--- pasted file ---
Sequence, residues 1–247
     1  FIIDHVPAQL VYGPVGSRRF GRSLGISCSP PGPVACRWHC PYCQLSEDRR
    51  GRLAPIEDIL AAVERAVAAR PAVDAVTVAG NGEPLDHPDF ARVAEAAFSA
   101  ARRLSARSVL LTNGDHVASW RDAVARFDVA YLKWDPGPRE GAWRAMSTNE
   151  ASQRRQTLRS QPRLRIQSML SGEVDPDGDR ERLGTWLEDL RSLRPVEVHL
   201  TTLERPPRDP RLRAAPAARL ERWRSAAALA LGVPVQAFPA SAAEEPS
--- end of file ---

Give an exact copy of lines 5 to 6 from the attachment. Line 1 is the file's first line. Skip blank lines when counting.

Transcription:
   151  ASQRRQTLRS QPRLRIQSML SGEVDPDGDR ERLGTWLEDL RSLRPVEVHL
   201  TTLERPPRDP RLRAAPAARL ERWRSAAALA LGVPVQAFPA SAAEEPS